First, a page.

The Cookbook Junkie said...

I looked this up - the poppy seeds I'm used to seeing are blue, not black and are different from the lighter colored ones. This recipe probably should have had the blue poppy seeds. Maybe then it would have made sense but then again, maybe not. They're very subtle.

Anonymous said...

great to see a cake post after a long time! I think if it's a european recipe, they probably meant black poppy seed(??), I have seen lemon cake slices with poppy seeds (it's the black ones) in various shops here, mostly quick snacks, upper crust, rest of the railway station cafes around the south. Doesn't do much taste wise, but definitely gives an added visual appeal with those tiny black specks.
Oh and I sooo love the size of your portions!!

Anonymous said...

Sorry cookbook junkie...i posted my comment and only then read yours.
Indian cooking has lots of recipes with white poppy seeds. But yes u are right I think in the west, lemon-poppy seed combo probably calls for a black (or blue!!) one.

Anonymous said...

Cookbook Junkie, S: Says a lot about my sometimes blinkered vision that the thought of black/blue poppyseeds didnt even enter my head! :) Ofc I've seen the little black poppyseeds on specialty bread in bakeries... I DO know about them, I just didnt associate myself cooking with them. Plus I havent seen them in the Indian store where I buy my supplies. Gotta look out for them in regular markets, methinks.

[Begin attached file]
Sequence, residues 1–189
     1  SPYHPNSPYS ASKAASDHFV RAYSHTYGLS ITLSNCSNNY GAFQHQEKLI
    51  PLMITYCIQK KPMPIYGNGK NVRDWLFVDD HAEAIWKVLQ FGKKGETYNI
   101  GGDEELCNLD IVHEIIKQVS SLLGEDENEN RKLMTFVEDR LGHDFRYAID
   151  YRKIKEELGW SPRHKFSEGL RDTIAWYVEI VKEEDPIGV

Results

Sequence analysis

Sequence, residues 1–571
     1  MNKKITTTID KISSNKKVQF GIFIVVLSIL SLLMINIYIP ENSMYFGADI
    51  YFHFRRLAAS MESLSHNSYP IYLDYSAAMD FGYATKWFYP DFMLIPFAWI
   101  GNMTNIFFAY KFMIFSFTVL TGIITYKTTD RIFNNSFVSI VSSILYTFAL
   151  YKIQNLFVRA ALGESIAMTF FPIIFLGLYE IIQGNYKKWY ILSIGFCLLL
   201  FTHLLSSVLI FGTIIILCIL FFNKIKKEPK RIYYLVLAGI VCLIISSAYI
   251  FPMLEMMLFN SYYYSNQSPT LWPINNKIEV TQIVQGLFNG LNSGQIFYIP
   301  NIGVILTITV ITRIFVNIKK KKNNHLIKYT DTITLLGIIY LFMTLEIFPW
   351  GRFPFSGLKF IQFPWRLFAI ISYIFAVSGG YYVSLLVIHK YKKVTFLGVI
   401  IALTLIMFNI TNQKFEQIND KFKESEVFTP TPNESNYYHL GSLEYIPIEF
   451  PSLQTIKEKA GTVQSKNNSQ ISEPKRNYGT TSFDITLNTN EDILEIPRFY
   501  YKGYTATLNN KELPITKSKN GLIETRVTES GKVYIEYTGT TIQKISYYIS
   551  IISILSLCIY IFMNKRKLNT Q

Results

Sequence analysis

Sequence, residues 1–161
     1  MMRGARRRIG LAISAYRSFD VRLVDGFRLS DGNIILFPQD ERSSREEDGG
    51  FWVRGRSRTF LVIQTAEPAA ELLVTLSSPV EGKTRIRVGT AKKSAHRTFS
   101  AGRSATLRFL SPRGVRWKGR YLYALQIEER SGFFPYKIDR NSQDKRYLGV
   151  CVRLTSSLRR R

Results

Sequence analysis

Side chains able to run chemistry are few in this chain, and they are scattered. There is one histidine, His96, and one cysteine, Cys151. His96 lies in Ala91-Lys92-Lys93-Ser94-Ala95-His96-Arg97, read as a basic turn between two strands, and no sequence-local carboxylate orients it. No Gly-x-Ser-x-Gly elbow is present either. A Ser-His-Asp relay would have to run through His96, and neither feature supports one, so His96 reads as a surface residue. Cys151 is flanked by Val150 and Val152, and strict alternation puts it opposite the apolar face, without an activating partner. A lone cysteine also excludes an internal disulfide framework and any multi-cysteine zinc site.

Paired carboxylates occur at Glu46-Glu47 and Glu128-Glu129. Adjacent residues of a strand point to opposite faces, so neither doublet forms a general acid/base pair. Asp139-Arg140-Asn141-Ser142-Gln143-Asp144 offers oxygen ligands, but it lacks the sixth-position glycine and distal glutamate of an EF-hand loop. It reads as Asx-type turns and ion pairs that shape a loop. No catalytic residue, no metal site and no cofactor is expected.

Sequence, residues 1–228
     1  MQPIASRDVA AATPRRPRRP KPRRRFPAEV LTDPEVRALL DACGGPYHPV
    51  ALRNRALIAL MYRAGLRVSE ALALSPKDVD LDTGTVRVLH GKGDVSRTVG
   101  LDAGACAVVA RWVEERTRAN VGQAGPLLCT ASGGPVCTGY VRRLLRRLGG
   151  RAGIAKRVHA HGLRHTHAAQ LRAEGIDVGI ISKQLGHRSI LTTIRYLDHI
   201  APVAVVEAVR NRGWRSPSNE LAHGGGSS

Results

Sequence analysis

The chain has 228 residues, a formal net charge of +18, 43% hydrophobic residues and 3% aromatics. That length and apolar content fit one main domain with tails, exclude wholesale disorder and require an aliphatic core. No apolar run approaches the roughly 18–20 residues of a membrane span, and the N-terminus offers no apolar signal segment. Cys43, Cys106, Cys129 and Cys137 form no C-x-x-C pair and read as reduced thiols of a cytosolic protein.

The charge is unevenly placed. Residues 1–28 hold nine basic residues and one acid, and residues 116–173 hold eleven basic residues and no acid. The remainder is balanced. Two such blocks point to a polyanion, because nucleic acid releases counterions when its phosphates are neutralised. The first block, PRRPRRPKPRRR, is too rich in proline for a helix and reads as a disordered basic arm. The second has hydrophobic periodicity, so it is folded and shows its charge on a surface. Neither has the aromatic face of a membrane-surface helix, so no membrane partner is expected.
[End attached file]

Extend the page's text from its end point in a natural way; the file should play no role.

Thanks for the research and info, guys!

Lakshmi said...

cake looks yummy friend.

Shammi said...
This comment has been removed by a blog administrator.
Anonymous said...

Thanks, Lakshmi! :)

Lakshmik said...

Yummy. Will try it out.

Anonymous said...

I have eaten the lemon poppyseed muffins in the US. They usually mean the black tiny poppyseed and not the Indian KhusKhus. Maybe that is why you found that the texture was not to your liking (as others have already posted before). Hope you make this again with the black poppyseeds and post the pictures again for us readers living vicariously through your blog :)

Anonymous said...

Hi Shammi,
Thanks to you ! Intha vaaaram Shammi cooking vaaram. Yep. I found your blog when I was googling and I found that all my favourite vegetarian south india food was here. So on Mon it was Kathirikka Satham, Tues- Aloo-Mutar Kuram, Wed-masala chapati and kojju,
Thu- Veg Pulao, and on Fri- Dal Dhokli (from Lav's page). It is amazing. All the recipes came out wonderful. Am planning on some extra veggie shopping this week :)
I think it will be a good idea to have a rating for each recipe in your blog. I found this HTML code which you can include in your blog and we can rate your wonderful recipes. Here is the link if you want to use it.

Thanks for the lovely recipes and sorry abt the Xtra long comment.

Anonymous said...

Anon: Point noted :) I'll be looking out for the little black/blue poppy seeds and give the cake another go!

Kaskuss: Glad you found the recipes useful! :) and thank you very much for the link to the rating code too.